Towards prevention of post-traumatic osteoarthritis: report from an international expert working group on considerations for the design and conduct of interventional studies following acute knee injury

Research output: Contribution to journalArticle

Abstract

Objective: There are few guidelines for clinical trials of interventions for prevention of post-traumatic osteoarthritis (PTOA), reflecting challenges in this area. An international multi-disciplinary expert group including patients was convened to generate points to consider for the design and conduct of interventional studies following acute knee injury. Design: An evidence review on acute knee injury interventional studies to prevent PTOA was presented to the group, alongside overviews of challenges in this area, including potential targets, biomarkers and imaging. Working groups considered pre-identified key areas: eligibility criteria and outcomes, biomarkers, injury definition and intervention timing including multi-modality interventions. Consensus agreement within the group on points to consider was generated and is reported here after iterative review by all contributors. Results: The evidence review identified 37 studies. Study duration and outcomes varied widely and 70% examined surgical interventions. Considerations were grouped into three areas: justification of inclusion criteria including the classification of injury and participant age (as people over 35 may have pre-existing OA); careful consideration in the selection and timing of outcomes or biomarkers; definition of the intervention(s)/comparator(s) and the appropriate time-window for intervention (considerations may be particular to intervention type). Areas for further research included demonstrating the utility of patient-reported outcomes, biomarkers and imaging outcomes from ancillary/cohort studies in this area, and development of surrogate clinical trial endpoints that shorten the duration of clinical trials and are acceptable to regulatory agencies. Conclusions: These considerations represent the first international consensus on the conduct of interventional studies following acute knee joint trauma.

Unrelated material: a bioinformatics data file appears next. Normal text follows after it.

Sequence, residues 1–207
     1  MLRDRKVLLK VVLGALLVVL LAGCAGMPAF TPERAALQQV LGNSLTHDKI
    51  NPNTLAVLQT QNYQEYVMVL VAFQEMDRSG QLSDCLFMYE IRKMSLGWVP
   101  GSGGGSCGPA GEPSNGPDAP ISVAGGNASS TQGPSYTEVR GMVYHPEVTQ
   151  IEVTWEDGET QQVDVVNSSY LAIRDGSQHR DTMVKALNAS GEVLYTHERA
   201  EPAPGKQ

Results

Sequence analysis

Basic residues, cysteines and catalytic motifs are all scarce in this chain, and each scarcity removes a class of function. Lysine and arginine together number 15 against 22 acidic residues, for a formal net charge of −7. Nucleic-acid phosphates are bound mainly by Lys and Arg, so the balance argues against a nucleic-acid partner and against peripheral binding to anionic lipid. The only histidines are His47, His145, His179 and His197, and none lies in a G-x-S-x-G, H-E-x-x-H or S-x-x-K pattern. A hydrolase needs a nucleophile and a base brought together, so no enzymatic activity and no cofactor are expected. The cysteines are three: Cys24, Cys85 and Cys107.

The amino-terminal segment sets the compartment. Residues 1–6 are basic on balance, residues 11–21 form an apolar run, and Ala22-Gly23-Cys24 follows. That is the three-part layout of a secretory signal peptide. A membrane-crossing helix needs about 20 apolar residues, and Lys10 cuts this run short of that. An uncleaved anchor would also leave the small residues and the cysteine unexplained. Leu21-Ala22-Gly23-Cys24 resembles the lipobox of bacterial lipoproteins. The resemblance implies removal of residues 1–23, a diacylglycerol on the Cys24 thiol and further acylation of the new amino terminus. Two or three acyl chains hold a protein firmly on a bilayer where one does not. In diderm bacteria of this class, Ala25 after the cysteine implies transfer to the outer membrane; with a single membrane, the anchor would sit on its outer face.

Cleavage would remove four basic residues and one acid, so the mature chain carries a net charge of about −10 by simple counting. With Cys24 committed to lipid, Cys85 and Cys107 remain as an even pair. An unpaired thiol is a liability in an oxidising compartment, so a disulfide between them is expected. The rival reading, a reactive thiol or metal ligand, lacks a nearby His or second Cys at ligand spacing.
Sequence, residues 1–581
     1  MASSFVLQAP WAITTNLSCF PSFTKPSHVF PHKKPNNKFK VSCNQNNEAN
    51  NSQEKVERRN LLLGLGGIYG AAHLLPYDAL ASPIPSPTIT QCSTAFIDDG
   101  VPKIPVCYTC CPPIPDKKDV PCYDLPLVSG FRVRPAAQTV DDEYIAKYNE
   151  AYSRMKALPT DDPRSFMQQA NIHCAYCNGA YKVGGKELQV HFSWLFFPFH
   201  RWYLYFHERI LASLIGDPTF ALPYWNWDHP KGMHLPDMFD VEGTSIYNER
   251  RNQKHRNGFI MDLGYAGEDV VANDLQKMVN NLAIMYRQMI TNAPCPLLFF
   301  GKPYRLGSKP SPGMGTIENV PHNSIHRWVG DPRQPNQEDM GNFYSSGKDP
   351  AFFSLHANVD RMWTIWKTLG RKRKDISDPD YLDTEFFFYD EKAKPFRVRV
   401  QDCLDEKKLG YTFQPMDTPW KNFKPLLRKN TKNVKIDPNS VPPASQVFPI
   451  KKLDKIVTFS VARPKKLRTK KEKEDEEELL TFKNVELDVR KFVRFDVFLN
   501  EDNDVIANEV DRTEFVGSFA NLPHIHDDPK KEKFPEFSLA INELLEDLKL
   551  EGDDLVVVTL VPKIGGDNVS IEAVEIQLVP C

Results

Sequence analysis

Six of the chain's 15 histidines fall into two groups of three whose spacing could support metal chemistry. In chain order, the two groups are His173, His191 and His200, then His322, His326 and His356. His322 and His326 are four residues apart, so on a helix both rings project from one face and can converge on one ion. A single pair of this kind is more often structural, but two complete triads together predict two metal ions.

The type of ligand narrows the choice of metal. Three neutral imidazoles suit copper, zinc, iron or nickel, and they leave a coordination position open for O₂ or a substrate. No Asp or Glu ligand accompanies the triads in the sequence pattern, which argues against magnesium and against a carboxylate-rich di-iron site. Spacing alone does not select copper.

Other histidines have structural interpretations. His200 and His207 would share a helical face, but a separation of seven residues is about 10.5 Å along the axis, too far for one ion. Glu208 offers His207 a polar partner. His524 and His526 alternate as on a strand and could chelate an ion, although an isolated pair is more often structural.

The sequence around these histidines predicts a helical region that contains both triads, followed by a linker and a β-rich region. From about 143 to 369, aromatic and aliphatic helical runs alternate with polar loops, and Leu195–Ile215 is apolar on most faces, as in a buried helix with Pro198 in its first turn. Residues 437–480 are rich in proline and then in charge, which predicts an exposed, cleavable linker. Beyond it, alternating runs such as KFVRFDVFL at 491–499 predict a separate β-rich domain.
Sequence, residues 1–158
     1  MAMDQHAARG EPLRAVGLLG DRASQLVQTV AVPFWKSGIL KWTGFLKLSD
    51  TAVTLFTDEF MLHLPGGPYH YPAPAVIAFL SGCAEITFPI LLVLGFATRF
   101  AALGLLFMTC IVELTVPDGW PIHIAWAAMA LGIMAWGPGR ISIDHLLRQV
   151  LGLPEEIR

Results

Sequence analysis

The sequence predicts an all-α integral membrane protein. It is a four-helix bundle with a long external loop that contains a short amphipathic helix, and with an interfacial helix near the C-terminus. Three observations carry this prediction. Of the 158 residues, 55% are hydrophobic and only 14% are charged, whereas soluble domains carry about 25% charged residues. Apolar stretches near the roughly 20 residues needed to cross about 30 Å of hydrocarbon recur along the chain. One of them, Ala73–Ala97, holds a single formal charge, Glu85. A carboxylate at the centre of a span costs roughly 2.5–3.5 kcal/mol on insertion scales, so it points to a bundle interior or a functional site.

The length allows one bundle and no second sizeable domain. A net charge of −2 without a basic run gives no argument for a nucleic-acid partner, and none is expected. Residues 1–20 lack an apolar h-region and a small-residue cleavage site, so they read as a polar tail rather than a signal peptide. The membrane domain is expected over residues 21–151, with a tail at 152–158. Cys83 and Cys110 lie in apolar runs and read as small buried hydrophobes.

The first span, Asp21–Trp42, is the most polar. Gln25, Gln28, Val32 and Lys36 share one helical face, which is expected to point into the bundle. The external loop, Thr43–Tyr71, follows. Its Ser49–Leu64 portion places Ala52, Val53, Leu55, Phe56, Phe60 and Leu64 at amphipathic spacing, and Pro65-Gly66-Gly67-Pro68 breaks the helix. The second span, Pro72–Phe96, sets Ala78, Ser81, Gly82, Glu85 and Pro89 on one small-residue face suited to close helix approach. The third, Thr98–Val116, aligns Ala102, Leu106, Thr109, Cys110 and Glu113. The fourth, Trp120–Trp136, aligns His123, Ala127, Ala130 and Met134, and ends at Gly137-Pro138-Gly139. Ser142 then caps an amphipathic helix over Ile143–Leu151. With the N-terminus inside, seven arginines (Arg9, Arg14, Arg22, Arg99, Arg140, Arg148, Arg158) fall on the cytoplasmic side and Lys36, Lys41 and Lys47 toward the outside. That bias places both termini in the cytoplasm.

Details

Authors
  • F. E. Watt
  • N. Corp
  • S. R. Kingsbury
  • D. T. Felson
  • M. Levesque
  • S. Majumdar
  • C. Wilson
  • D. J. Beard
  • V. B. Kraus
  • P. G. Conaghan
  • D. J. Mason
  • J. Adams
  • M. Blank
  • M. Batt
  • P. Biggs
  • M. Busse-Morris
  • K. Button
  • J. Calder
  • J. Cook
  • C. Edwards
  • E. Fisheleva
  • D. F. Hamilton
  • H. Harrison
  • C. Holt
  • M. Jones
  • R. Jones
  • S. Kluzek
  • T. Knight
  • G. Nuki
  • S. Parekh
  • G. Peat
  • C. Pothet
  • T. Rainer
  • N. Robinson
  • L. Sawle
  • T. Vincent
  • A. Williams
  • E. Wise
  • W. Zhang
  • S. Bierma-Zeinstra
Organisations
External organisations
  • Keele University
  • University of Leeds
  • Boston University
  • University of Manchester
  • AbbVie
  • University of Texas Health Science Centre
  • University of Oxford
  • Duke University
  • Friedrich-Alexander University Erlangen-Nürnberg
  • Cardiff University
  • University of Southampton
  • University of Nottingham
  • University of Edinburgh
  • University of Salford
  • University College London
  • London South Bank University
  • Erasmus University Medical Center
Research areas and keywords

Subject classification (UKÄ) – MANDATORY

  • Health Care Service and Management, Health Policy and Services and Health Economy
  • Rheumatology and Autoimmunity

Keywords

  • Clinical trial, Considerations, Injury, Knee, Osteoarthritis, Outcome
Original languageEnglish
Pages (from-to)23-33
JournalOsteoarthritis and Cartilage
Volume27
Issue number1
Early online date2018
Publication statusPublished - 2019 Jan
Publication categoryResearch
Peer-reviewedYes